TAMPA — Though he's no longer a high school assistant or a college recruiter, John Kaleo will be keeping a close eye on a number of local players when spring football kicks off next week.
He has spent the last four months teaching perfect footwork, correct drops, proper reads and decision-making to a slew of young signal-callers.
After tutoring a dozen or so of the area's most promising quarterbacks at his new Kaleo Quarterback Academy, spring ball is like the first exam for the former Tampa Bay Storm quarterback as his students put his teachings into action.
"If they don't look good and they struggle then what went wrong falls back on me," said Kaleo, who has worked with Jesuit's Tommy Eveld, East Lake's Pete DiNovo, Tarpon Springs' Louis Pappas and Freedom's Jon Economou, to name a few, at Tampa's Skyway Park.
None have college offers yet, but all have made significant strides this offseason. Eveld, DiNovo, Pappas and Economou expect colleges to come calling in May.
Pappas and DiNovo, who have done well at various camps and combines this year, both have said that Kaleo's emphasis on watching video and breaking down defenses, as well as the emphasis on footwork, has been a boon to their games.
"I feel more comfortable when I come up to the line of scrimmage," DiNovo said.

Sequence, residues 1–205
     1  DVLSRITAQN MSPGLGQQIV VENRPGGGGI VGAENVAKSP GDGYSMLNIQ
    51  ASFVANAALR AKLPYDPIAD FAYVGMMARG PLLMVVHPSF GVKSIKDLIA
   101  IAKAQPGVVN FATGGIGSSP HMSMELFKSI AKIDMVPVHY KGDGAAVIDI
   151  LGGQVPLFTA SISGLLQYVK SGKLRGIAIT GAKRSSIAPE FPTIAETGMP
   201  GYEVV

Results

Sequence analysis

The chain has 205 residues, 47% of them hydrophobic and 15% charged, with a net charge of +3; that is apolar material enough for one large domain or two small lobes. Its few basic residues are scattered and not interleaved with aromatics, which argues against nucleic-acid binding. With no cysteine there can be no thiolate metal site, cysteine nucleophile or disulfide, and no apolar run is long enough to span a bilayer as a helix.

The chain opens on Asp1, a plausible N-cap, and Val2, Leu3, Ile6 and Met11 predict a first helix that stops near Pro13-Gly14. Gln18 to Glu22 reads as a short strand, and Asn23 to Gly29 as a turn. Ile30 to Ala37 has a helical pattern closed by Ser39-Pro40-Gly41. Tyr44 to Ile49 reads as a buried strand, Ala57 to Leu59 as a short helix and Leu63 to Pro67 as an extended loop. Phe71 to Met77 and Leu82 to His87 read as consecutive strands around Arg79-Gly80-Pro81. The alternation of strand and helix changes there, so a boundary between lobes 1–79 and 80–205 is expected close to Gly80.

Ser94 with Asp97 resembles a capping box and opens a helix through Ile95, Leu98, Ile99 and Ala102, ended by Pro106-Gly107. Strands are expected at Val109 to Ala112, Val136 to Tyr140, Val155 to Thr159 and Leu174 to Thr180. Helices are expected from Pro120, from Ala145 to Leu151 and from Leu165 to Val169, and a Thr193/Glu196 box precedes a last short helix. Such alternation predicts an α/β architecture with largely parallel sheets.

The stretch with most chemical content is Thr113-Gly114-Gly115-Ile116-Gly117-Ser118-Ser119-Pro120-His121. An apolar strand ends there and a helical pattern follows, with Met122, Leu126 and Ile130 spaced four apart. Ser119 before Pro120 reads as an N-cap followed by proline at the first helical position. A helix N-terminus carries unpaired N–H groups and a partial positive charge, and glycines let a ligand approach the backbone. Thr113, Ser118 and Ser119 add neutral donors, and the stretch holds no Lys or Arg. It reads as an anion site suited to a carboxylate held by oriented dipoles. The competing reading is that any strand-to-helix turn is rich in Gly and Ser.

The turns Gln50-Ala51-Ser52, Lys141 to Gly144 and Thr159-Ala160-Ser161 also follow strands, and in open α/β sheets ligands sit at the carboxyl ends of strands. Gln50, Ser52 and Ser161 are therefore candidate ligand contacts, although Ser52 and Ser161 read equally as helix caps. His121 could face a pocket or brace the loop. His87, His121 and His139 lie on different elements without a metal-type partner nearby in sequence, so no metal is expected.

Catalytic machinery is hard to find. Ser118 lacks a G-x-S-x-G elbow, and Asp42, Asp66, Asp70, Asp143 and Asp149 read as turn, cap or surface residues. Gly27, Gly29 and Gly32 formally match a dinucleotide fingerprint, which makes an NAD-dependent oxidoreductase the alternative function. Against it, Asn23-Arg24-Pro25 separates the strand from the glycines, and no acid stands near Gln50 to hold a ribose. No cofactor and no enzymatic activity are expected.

Kaleo has been tutoring local quarterbacks between his coaching duties at Iona and Towson University the past few years, working with former standouts such as Alonso's C.J. Bennett, Hillsborough's Tarean Austin and Boca Ciega's Orhian Johnson.
But with a young family at home in Tampa, Kaleo decided last year that the college scene wasn't right for him. He started his academy in January, and is also the offensive coordinator for the Storm.
"I got into this six, seven years ago, at end of my career, I thought there was a need, especially in this area," Kaleo said. "There were a couple of guys doing some personal training, but I wanted to start something (bigger). I want to do like what Steve Clarkson does, bring that to the Tampa Bay area."
Clarkson, a former Stanford standout, is one of the country's most renowned quarterback coaches and now runs a series of camps across the country.
Like Clarkson, Kaleo also starred in college, setting school records for passing yards, touchdowns and total offense at Maryland. In 1997, he led the Storm to the Arena Football League championship.
Kaleo brings a lot to the table; he was able to run as a quarterback, and he posted prolific passing numbers. As an Arena League quarterback for 14 years, he also perfected exactly what he is teaching quarterbacks: drop, read, react.
To do that, quarterbacks have to have some idea of what is coming at them, and that is the emphasis of what Kaleo teaches.
His two-hour sessions include an hour watching video and an hour putting what they just saw into action.
"It's more classroom development than teaching them to throw a tight spiral," Kaleo said. "Through my years in college, I came to see that there's just not a lot of time for coaches to work on proper teaching for quarterbacks."
With fewer scholarships available for quarterbacks than other positions, everyone is looking for an edge. That means lots of camps, combines and throwing competitions. For many in Tampa Bay, it means a few hours each weekend with Kaleo.
"Spring football in the state of Florida is awesome," Kaleo said. "I'm looking forward to watching the 2012 and 2013 kids, to see who stands out and then to get back together and recognize what we need to work on this summer towards the fall."
John C. Cotey can be reached at email@example.com or (727) 869-6261.